Grace Jordon v. Rinehart (Clay)

May 21st, 2012

State Tax Commission of Missouri






v.) Appeal Number 11-32010













Decision of the Clay County Board of Equalization sustaining the assessment made by the Assessor is AFFIRMED.Hearing Officer finds Complainant did not rebut the presumption of correct classification by the Board. True value in money for the subject property for tax years 2011 is set at $65,700, residential assessed value of $12,480.

Complainant appeared pro se.

Respondent appeared by Counsel, Patricia Hughes, Assistant County Counselor.

Case heard and decided by Senior Hearing Officer Luann Johnson.


The Commission takes this appeal to determine the classification and true value in money for the subject property on January 1, 2011.


Complainant appeals, on the ground of misclassification (and thus valuation), the decision of the Clay County Board of Equalization, which sustained the valuation of the subject property.The Assessor determined an appraised value of $65,700 (assessed value of $12,480, as residential property).Complainant argues that the property is grade 8 ag land/forest cropland and proposed a value of $1,700 (assessed value of $200).A hearing was conducted on April 25, 2012, at the Clay County Administration Building, Liberty, Missouri.

The Hearing Officer, having considered all of the competent evidence upon the whole record, enters the following Decision and Order.

Complainant’s Evidence

The subject property is an approximate ten acre parcel improved with a new home built in 2010.Because Clay County is an occupancy county and because the home is not yet occupied, only the land portion of the parcel is subject to taxation.The new home sits on approximately one acre at the front of the parcel.The remaining portion of the parcel is wooded.Complainant asserts she is entitled to a forest cropland designation, an agricultural sub-classification under Article X, Section 7 of the Missouri Constitution.The property is not being used for agricultural purposes.Complainant has not applied to the Missouri Department of Conservation for a forest cropland designation.

Respondent’s Evidence

Respondent placed into evidence the testimony of Mr. Tracy Baldwin, an appraiser for Clay County.[1]Mr. Baldwin testified that he had inspected the subject property and there was no agricultural use.Mr. Baldwin testified that the majority of the value of the parcel was in the residential home site frontage, not the wooded area.He presented sales indicating that one to five acre residential parcels were selling for between $20,000 and $80,000.A number of the one-plus acre sites were selling in the $60,000 to $65,000 range.Essentially, no value was assigned to the forested part of this residential parcel.


1.Jurisdiction over this appeal is proper.Complainant timely appealed to the State Tax Commission from the decision of the Clay County Board of Equalization.

2.The subject property is located at 5400 N.E. 92nd Street, Kansas City, Missouri.The property is identified by parcel number 14-102-00-01-008.01.The property consists of a 10.65 acre lot improved by a 1,585 square foot one-story ranch, single-family structure of average quality construction.The house was built in 2010 and appears to be in average condition.The residence has a total of three bedrooms and two baths.There is a full unfinished basement and an attached two-car garage.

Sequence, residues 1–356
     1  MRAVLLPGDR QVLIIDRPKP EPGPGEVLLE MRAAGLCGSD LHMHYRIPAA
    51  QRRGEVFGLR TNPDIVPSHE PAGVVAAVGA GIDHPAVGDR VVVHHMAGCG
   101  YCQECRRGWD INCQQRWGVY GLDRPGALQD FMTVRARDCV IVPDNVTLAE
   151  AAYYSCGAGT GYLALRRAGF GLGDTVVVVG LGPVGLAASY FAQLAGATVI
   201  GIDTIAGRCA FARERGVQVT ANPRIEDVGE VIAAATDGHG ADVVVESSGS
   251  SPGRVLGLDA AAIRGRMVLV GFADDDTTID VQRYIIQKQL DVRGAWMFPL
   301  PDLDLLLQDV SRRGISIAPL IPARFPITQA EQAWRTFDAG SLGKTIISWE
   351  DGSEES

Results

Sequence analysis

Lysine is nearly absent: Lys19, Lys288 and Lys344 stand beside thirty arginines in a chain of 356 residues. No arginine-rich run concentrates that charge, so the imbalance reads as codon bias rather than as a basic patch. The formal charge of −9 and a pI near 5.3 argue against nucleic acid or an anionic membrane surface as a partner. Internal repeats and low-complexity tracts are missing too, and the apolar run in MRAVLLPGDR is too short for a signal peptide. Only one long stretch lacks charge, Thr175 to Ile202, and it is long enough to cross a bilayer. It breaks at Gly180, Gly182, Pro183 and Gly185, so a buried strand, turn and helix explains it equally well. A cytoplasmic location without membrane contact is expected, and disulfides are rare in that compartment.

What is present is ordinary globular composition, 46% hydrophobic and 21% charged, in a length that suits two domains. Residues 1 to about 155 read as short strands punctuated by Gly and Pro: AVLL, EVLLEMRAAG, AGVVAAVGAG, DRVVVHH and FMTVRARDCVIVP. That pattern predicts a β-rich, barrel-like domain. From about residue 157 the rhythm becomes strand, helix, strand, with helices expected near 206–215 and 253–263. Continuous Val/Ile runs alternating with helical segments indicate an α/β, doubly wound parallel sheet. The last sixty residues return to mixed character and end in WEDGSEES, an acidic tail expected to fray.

3.Clay County is an occupancy county meaning that the improvements on the parcel are not taxable until the property has met the definition of occupancy under Section 137.082, RSMo.As of the tax day, the property had not been occupied.

4.Article X, Section 7 of the Missouri Constitution provides:

For the purpose of encouraging forestry when lands are devoted exclusively to such purposes, and the reconstruction, redevelopment, and rehabilitation of obsolete, decadent, or blighted areas, the general assembly by general law may provide for such partial relief from taxation of the lands devoted to any such purpose, and of the improvements thereon, by such method or methods, for such period or periods of time, not exceeding twenty-five years in any instance, and upon such terms, conditions, and restrictions as it may prescribe; provided, however, that in the case of forest lands, the limitation of twenty-five years herein described shall not apply.


5.Pursuant to the above Constitutional provision, the general assembly has passed Section 254.040, RSMo which provides, in part:

1.Any person desiring to have lands designated as forest croplands shall submit an application to the state forester on forms provided by the commission.The state forester shall make or cause to be made an examination of the lands covered by such application and shall forward a copy of such application, together with his or her recommendations, to the commission.If the commission approves and classifies such lands as forest croplands, they shall be subject to the provisions of this chapter and rules and regulations promulgated pursuant to this chapter. . .


3.No application to designate lands as forest croplands shall be accepted for a tract of land containing less than twenty acres; and no such lands shall be classified for tax relief if the value thereof shall exceed one hundred twenty-five dollars per acre or a greater value as set by regulation of the commission. . . .


6.Complainant has made no application to the Department of Conservation for a designation as forest cropland and, even if she had, would not qualify inasmuch as her property does not meet the requirement of being at least twenty acres.Consequently, her argument that she is entitled to an agricultural classification under Section 137.016.1(1), RSMo, Section 137.021, RSMo and 12 CSR 30-4.010 is without merit.